+However, there are situations when the on-screen parameters of a focused effect can safely stay hidden while the controller is mapped to the parameter knobs. Collapsed units show a focus indicator then. To enable this mode instatiate effect units with '​true'​ added after the effect unit numbers array. For example:
 +<​code=javascript>​
 +MyController.effectUnit = new components.EffectUnit([1,​ 3],true);
 +...
 +</​code>​
 +
  
 ==== Assignment switches ==== ==== Assignment switches ====
 Generally, most controllers should use [[#​EffectAssignmentButton]]s in [[#Deck]]s to enable effect units on decks. If you have a dedicated effects controller that does not manipulate decks, the enableOnChannelButtons provided by EffectUnit would be more appropriate. You can easily create these by calling ''​enableOnChannelButtons.addButton('​CHANNEL_NAME'​)''​ (do not put brackets around the Generally, most controllers should use [[#​EffectAssignmentButton]]s in [[#Deck]]s to enable effect units on decks. If you have a dedicated effects controller that does not manipulate decks, the enableOnChannelButtons provided by EffectUnit would be more appropriate. You can easily create these by calling ''​enableOnChannelButtons.addButton('​CHANNEL_NAME'​)''​ (do not put brackets around the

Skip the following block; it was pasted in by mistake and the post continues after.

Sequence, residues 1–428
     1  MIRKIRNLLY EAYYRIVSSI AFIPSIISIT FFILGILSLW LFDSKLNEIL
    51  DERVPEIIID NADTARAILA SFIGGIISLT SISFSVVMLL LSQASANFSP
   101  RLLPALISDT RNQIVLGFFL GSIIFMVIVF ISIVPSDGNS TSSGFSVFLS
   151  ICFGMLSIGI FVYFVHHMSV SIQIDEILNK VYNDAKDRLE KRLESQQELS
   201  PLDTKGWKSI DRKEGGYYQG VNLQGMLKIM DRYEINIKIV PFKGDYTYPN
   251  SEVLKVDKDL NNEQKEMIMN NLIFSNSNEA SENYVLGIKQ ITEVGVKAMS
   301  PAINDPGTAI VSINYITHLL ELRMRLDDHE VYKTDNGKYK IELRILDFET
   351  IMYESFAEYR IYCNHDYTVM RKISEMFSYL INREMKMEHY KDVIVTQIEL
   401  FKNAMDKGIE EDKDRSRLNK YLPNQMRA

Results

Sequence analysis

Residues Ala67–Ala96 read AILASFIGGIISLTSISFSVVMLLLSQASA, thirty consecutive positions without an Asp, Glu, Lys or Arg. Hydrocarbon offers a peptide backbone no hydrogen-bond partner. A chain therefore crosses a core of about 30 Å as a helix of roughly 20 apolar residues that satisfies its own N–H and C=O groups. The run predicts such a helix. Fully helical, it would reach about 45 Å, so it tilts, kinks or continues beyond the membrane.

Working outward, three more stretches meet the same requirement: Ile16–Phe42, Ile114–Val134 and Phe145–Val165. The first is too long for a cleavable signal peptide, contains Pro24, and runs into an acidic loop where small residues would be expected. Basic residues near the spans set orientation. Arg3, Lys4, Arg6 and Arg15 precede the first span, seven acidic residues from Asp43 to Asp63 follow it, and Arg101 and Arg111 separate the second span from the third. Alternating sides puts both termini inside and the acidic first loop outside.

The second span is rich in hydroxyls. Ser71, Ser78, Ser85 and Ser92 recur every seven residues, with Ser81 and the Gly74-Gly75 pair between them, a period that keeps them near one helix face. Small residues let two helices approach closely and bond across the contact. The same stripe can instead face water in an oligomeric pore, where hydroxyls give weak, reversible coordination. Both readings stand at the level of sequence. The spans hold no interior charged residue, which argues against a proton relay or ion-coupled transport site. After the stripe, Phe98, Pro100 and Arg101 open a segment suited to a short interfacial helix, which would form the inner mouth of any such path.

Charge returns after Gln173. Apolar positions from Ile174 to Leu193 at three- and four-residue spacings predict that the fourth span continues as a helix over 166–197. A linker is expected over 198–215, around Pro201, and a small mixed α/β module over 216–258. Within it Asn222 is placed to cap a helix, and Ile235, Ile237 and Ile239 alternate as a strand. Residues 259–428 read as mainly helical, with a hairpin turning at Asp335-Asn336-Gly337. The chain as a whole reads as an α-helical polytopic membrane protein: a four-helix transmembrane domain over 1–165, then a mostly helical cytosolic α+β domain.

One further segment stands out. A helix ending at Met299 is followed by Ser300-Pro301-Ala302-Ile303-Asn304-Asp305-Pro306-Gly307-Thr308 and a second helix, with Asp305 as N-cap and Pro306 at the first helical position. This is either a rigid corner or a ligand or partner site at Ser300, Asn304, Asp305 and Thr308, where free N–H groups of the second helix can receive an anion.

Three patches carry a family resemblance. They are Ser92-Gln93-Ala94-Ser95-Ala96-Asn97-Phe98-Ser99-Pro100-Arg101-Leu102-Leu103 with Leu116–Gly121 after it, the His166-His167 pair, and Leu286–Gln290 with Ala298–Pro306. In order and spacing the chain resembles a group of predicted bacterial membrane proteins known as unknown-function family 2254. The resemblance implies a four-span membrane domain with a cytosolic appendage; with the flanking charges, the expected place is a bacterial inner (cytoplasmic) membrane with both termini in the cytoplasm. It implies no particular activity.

CHANNEL_NAME) on the EffectUnit object, then define their ''​midi''​ properties. CHANNEL_NAME) on the EffectUnit object, then define their ''​midi''​ properties.
components_js.1551041933.txt.gz ยท Last modified: 2019/02/24 15:58 by swiftb0y